• Employers may process HR data including special categories of personal data on the basis of collective agreements or Works Council agreements, but such agreements must meet the requirements of the GDPR.
  • An employer must appoint a data privacy officer if it employs 10 or more people whose duties include the processing of personal data.
  • An employer may process data based on employee consent where such consent is in writing and the employee receives a “legal or economic benefit” or the interests of the employer and employee are aligned.

Examples of a “legal or economic benefit” to an employee include an employer’s implementation of an occupational health management or support program or an employer’s permitting private use of company IT systems. Examples of aligned interests include situations in which employers and employees work together to add employees’ names and birthdays to a company birthday list or use photographs of employees for a website. When determining whether consent is voluntary, the timing of the consent must be considered. For example, prior to the conclusion of an employment contract, employees are subject to greater pressure to consent and, therefore, such consent may not be voluntary.

  • Employers may process sensitive data without employee consent in order to manage the employment relationship or to exercise rights or fulfill duties under employment law or social services law so long as the employee’s privacy rights do not override the company’s interest in processing such data.
  • An employer may engage in employee monitoring only when the company can document reasons to believe the employee is engaged in criminal conduct or has or is committing a serious breach of duty.
  • The definition of “employee” includes temporary or agency employees.


Employers may process criminal history data when absolutely necessary for, among other purposes, determining eligibility for employment, processing data in the employment context, and establishing, exercising, or defending legal claims.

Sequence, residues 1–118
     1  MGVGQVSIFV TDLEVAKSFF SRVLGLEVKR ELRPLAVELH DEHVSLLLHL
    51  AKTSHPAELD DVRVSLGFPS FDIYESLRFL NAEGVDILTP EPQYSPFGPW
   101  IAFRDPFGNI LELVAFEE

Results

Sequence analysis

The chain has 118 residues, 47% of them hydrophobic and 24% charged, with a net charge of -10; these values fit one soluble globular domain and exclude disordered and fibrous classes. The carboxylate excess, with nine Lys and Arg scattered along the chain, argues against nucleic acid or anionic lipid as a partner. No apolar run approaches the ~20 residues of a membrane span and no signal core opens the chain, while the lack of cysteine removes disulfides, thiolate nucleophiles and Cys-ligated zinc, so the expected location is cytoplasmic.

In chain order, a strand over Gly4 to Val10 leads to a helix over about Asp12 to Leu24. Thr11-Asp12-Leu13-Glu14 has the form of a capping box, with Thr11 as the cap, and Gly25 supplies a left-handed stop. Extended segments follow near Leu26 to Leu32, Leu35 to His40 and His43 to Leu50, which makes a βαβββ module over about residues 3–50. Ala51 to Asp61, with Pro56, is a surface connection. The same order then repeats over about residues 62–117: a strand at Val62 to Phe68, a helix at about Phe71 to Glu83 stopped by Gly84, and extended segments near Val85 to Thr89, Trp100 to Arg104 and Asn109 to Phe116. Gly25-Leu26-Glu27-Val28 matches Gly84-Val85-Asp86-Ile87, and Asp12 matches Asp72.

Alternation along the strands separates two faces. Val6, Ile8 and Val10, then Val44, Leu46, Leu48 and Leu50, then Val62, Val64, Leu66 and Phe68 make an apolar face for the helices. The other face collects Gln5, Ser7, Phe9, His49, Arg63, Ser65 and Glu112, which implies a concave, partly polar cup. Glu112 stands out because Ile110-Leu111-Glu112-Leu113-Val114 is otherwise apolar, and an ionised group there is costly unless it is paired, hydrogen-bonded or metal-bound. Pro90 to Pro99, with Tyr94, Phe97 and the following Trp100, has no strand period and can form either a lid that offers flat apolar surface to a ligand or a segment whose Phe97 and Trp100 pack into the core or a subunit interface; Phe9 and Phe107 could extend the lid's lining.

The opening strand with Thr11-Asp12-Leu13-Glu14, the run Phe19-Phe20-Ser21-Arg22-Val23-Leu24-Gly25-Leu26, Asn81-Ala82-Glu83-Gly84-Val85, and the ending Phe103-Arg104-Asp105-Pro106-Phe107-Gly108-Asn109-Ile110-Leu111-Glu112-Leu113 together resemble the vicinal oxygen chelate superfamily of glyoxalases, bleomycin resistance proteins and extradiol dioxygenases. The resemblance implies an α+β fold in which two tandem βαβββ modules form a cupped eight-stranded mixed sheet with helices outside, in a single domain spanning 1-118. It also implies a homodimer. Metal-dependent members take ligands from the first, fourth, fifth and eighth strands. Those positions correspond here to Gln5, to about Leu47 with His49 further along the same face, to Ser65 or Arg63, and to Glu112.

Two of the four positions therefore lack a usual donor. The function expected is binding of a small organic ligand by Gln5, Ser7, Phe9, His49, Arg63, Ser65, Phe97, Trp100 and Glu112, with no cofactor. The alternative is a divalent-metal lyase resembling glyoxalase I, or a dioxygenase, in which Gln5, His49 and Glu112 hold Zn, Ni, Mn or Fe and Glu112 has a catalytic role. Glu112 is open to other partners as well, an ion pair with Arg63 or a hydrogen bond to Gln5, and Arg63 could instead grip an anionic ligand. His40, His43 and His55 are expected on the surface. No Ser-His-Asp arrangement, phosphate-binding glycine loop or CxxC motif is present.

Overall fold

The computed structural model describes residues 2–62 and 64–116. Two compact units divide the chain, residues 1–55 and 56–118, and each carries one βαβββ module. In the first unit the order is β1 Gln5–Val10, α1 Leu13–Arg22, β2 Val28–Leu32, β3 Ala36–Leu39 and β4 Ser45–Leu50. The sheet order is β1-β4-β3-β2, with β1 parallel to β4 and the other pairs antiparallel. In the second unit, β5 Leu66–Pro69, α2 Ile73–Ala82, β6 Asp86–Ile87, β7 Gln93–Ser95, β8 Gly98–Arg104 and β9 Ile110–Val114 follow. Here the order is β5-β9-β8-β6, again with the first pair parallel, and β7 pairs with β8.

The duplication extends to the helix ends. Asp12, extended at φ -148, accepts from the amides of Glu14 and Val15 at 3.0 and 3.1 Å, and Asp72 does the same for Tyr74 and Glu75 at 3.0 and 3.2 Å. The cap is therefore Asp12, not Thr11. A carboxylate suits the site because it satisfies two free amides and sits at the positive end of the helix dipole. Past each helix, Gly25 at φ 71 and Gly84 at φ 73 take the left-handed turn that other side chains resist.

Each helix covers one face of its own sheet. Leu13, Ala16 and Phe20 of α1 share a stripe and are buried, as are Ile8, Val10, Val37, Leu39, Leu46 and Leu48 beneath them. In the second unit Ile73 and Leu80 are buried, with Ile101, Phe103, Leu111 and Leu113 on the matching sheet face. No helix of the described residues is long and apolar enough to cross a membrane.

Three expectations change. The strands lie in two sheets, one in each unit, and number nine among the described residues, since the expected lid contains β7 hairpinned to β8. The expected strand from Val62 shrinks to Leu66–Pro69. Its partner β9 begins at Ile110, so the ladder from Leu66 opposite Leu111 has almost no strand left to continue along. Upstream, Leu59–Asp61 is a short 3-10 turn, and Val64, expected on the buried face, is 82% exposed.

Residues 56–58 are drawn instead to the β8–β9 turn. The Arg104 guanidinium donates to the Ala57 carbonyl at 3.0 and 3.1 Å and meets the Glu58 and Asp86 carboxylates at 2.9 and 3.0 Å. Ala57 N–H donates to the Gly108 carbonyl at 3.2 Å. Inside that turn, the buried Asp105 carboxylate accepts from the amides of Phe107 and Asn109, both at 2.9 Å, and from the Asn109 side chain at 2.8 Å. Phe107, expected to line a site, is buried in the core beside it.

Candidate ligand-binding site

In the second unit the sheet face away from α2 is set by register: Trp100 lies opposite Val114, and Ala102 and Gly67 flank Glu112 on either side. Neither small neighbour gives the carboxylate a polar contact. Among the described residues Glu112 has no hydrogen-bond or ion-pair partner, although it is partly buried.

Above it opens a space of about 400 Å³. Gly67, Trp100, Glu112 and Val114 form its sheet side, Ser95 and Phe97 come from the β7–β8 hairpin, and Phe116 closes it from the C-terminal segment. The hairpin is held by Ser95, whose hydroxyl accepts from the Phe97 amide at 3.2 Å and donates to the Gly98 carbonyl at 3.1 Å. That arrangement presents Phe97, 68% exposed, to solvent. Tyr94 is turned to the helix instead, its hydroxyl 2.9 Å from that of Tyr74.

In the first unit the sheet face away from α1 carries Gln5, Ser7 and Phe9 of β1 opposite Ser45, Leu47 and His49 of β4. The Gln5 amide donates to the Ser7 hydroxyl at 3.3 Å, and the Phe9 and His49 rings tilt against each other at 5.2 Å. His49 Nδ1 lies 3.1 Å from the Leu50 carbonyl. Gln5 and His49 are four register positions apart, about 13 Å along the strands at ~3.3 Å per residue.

• Employers may process health data for an occupational pension, a retirement annuity contract, or any other pension arrangement.
  • Employers are prohibited from requiring individuals to make data access requests or to supply information from a subject access request in the employment context.


Employers may ask prospective employees to provide an extract of their criminal record in the recruitment process. The data can only be used for recruitment or human resources purposes and cannot be kept for longer than one month.

The Netherlands

Employers may process criminal history data if the individual provides explicit consent or the processing of such data is necessary for litigation purposes.


  • Employers may not engage in “blind recruitment” in which the identity of an employer is not disclosed at the beginning of the recruitment process.
  • Employers may not process the criminal histories of job applicants, even with applicant consent.
  • Employers may not contact the prior employers of job applicants without the applicants’ consent.
  • Employers may not confirm the authenticity of job applicants’ university degrees.
  • Employers may not retain the data of unsuccessful job applicants for future employment consideration unless the job applicants consent.
  • Employers may not process job applicants’ social media data.
  • Employers may not use biometrics for the purpose of recording working time.
  • Employers may not use photographs of employees without their consent.
  • Employers may transfer HR data within an organizational group for internal administrative purposes including the centralization of HR and payroll processes.
  • Employers may use CCTV monitoring for security purposes to protect employee safety, company property, or confidential information. Employers cannot use video monitoring to monitor restrooms, changing rooms, company lunchrooms and smoking areas, or areas made available for trade union activities unless the employees recorded are made unrecognizable. CCTV recordings may be kept no longer than three months unless needed for judicial proceedings. Notice must be provided to employees no later than one day before the launch of the CCTV monitoring and may be done by appropriate signage or sound notices indicating which area or areas will be monitored. If there is a collective agreement, notice of CCTV monitoring may be provided in the collective agreement.